“The brakes on this runaway train, this runaway history, can be applied, should be applied, and now,” said Dr. Walter Licht, standing at a podium in Huntsman Hall as faculty, staff, and students continued pressing into the crowded classroom, seating themselves in aisles and on the floor near his feet.
Licht, professor of history and associate dean of the School of Arts and Sciences, was introducing a teach-in organized in November by the newly formed Penn Faculty and Staff Against War to address the looming possibility of an American invasion of Iraq. “The orchestrated rush to war, with the full articulation last summer of the Bush administration’s new unilateralist approach to foreign affairs, are ample grounds to leave many of us feeling very powerless and listless,” he said, lamenting a lack of critique of the potential war from Democrats and the media.
As the room overflowed with members of the Penn community, a second classroom was added with the help of Webcast technology. In addition to Licht, five other Penn professors shared their views on the threat of war.
For Political Science Professor Rogers Smith, a regime change in Iraq may be of less concern than a change of ideology in Washington. “The regime change I’m concerned about is whether, in this period, we are in the process of explicitly embracing the conception of the American regime as an openly imperial republic,” he said, warning against the use of “preemptive wars” to preserve the United States’ status as world superpower.
Another political-science professor, Dr. Ian Lustick, unfurled an American flag as he took the podium after Smith, citing the pitfalls of abandoning the American flag to pro-war forces as one lesson learned from the anti-war movement of the Vietnam era. “Every demonstration must have American flags, if only to prevent the cops from beating you.”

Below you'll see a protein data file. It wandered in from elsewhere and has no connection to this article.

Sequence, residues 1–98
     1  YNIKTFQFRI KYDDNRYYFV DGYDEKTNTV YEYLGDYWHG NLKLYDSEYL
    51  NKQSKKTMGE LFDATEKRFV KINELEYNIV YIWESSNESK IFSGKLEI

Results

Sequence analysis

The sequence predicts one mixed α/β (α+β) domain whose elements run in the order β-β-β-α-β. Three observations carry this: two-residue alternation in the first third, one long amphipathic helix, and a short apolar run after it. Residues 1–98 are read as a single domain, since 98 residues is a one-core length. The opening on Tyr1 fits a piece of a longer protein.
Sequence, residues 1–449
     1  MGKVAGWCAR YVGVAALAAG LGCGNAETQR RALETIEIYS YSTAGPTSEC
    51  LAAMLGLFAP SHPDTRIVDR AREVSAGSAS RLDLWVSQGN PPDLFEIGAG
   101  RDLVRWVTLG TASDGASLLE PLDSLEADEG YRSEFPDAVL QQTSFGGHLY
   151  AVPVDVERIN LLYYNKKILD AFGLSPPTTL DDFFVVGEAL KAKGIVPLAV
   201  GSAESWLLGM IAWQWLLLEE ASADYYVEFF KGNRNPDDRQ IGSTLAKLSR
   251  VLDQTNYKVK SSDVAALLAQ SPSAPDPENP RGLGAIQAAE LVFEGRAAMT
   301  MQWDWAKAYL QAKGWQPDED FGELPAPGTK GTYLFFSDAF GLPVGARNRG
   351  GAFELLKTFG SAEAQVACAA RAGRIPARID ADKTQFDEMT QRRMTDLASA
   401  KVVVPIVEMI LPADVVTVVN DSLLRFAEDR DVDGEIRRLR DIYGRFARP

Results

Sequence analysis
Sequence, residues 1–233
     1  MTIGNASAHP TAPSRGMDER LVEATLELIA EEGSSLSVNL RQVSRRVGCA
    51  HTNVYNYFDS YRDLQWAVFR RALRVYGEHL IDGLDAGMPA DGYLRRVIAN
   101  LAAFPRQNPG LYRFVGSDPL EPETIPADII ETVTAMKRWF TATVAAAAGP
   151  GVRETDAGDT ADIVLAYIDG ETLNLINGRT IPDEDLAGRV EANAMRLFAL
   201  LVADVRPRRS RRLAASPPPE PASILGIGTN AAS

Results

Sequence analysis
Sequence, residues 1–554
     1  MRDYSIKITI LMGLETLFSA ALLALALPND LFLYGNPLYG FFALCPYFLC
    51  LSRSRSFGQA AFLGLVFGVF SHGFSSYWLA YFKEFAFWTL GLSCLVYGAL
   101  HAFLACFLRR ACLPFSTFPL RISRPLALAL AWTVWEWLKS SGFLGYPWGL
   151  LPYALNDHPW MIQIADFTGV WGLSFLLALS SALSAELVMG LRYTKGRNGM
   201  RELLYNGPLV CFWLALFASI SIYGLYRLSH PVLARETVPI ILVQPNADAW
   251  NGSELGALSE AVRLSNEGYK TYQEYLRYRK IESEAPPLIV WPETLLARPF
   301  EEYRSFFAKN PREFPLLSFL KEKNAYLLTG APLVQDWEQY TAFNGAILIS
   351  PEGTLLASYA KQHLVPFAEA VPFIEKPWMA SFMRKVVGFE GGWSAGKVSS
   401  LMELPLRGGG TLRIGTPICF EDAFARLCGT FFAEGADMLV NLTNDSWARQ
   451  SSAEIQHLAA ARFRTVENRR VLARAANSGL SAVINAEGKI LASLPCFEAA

Lustick argued that during the other Bush administration, Republican leaders had been cautiously in favor of a war in Iraq that would fulfill American “fantasies of democratization” in the Middle East. But as the second Bush administration edged closer to the possibility of war in Iraq, President Bush’s “leadership was too uncertain to advance clearly toward implementing the invasion,” Lustick added. “And then came 9/11.”
“We cannot say what the war’s consequences will be” in the Middle East, said Dr. Robert Vitalis, associate professor of political science. “It’s going to be a hard-enough time trying to figure out what the consequences were for the region” 10 years after the Gulf War.
“Analysts who think they know what’s going to happen are telling you more about themselves and their prejudices than about the world,” he said, adding that there is no single policy or set of political moves that can be counted on to lead to the creation of a peaceful and prosperous Middle East.
Dr. Edward Herman, emeritus professor of finance, acknowledged that Saddam Hussein “has treated his enemies and minority groups very badly.” But, he added, “the pretense that this justifies [Iraqi] regime change by external intervention is hypocritical.” He pointed out that Hussein had the United States’ blessing in using chemical and biological warfare in the 1980s, when Iraq was combating Iran, then the U.S.’s enemy.
“The only subject the countries of Iran, Iraq, Turkey, and Syria can ever agree on,” Dr. Firoozeh Kashani-Sabet remarked half-jokingly, “is the suppression of the Kurds.” The assistant professor of history added that while no one can predict the war’s consequences, U.S. policymakers must understand the complexity of the situation they may inherit in case of victory. “Can America realistically devise a diplomatic solution that would please all the countries involved—especially Turkey, which retains a sizable Kurdish community within its borders?”
Given her own identity as an Iranian-born American citizen, “It’s really ironic that I’m on this panel defending Iraq from being involved in war with America,” she noted. “The reason I say this is because one is sometimes left with the impression that in the Middle East, old enmities die hard. And I wanted to be a great example of how that is not the case.” Nonetheless, she warned, “by waging war against Iraq, the United States will almost certainly open a Pandora’s Box that will unleash enmities dating back centuries—despite the fact that I’m here speaking today.”
—Sarah Blackman C’03